CO2 tastes good! Carbonated water is actually a weak carbonic acid solution; this is what you taste. It's like "salt and pepper", but for water.
Slightly acidic water is usually popular, hence lemon juice is sometimes used to taint a jug of water in times when no carbonated water is available.
Carbonated water releases CO2 bubbles for many minutes after pressure is released (dissolved carbonic acid reforming), which is an important presentation effect that other gases do not generally have.
In many countries the local water supply is slightly alkaline (due to limestone rock being very common), and this can leave a bad after-taste, and make food in your mouth taste soapy. The addition of weak acids to water helps with neutralising this effect.
Around the world, some lucky towns have natural springs with effervescent water (carbonated water), and man-made carbonated water is just imitating this. In history people have often travelled great distances to try effervescent water, so its popularity is well recorded.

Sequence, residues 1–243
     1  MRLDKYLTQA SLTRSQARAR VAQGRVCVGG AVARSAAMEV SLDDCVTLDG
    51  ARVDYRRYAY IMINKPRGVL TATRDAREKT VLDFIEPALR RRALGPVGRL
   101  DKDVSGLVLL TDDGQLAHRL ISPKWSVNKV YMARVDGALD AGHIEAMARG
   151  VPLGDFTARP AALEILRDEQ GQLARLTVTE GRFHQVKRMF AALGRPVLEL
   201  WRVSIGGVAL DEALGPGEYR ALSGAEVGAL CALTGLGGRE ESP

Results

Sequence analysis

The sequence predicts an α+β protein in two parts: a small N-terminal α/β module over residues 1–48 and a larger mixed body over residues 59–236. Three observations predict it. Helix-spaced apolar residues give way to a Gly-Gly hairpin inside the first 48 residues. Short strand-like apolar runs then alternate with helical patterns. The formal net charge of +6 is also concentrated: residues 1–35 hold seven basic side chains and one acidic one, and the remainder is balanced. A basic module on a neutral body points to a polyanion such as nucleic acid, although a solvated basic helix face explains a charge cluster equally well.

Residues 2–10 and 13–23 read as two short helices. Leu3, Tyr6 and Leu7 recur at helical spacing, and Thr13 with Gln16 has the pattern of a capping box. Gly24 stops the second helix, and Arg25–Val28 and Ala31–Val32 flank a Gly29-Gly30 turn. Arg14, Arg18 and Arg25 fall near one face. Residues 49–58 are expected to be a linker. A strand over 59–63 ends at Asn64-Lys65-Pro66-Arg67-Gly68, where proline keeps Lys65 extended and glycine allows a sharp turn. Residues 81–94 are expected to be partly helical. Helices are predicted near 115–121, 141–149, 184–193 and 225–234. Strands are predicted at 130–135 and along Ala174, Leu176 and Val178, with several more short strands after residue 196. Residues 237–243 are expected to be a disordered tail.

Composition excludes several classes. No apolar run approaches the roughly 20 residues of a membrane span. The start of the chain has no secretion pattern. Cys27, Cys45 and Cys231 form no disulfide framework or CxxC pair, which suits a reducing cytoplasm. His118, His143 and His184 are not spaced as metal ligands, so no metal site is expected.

Nitrogen is used for water pressurisation in brewing and cooking as it leaves little or no taste, and generally does not form other chemical compounds. It's used mainly when bubbles are required, but not an acidic taste.
Oxygen is unsuitable for water pressurisation as very little can be dissolved at normal soda pressures, and it has no taste, but may readily form unwanted chemical compounds.
In the 18th century, Joseph Priestley was the first person to document this manufacturing discovery. He noted precisely that it tasted good, and that it was similar to the German Selters water. He was discovering "airs" (gases), and uniquely identified quite a few different gases. CO2 was the only one he listed as tasting good. His cheap source of CO2 was the fermenting grains from the nearby brewery.